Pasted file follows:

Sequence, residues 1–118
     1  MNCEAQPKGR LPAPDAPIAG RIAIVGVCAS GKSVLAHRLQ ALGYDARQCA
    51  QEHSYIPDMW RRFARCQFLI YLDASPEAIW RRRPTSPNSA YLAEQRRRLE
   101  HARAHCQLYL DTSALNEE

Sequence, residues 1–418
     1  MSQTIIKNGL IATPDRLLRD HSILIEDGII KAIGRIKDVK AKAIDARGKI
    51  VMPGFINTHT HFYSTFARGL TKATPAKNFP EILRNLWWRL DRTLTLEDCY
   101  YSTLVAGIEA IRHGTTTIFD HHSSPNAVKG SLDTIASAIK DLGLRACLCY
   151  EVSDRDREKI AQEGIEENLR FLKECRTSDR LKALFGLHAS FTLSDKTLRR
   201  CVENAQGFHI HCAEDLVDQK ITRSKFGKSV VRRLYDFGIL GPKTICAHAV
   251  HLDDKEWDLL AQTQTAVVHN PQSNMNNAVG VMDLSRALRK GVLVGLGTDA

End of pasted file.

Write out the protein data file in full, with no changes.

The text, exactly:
Sequence, residues 1–118
     1  MNCEAQPKGR LPAPDAPIAG RIAIVGVCAS GKSVLAHRLQ ALGYDARQCA
    51  QEHSYIPDMW RRFARCQFLI YLDASPEAIW RRRPTSPNSA YLAEQRRRLE
   101  HARAHCQLYL DTSALNEE

Sequence, residues 1–418
     1  MSQTIIKNGL IATPDRLLRD HSILIEDGII KAIGRIKDVK AKAIDARGKI
    51  VMPGFINTHT HFYSTFARGL TKATPAKNFP EILRNLWWRL DRTLTLEDCY
   101  YSTLVAGIEA IRHGTTTIFD HHSSPNAVKG SLDTIASAIK DLGLRACLCY
   151  EVSDRDREKI AQEGIEENLR FLKECRTSDR LKALFGLHAS FTLSDKTLRR
   201  CVENAQGFHI HCAEDLVDQK ITRSKFGKSV VRRLYDFGIL GPKTICAHAV
   251  HLDDKEWDLL AQTQTAVVHN PQSNMNNAVG VMDLSRALRK GVLVGLGTDA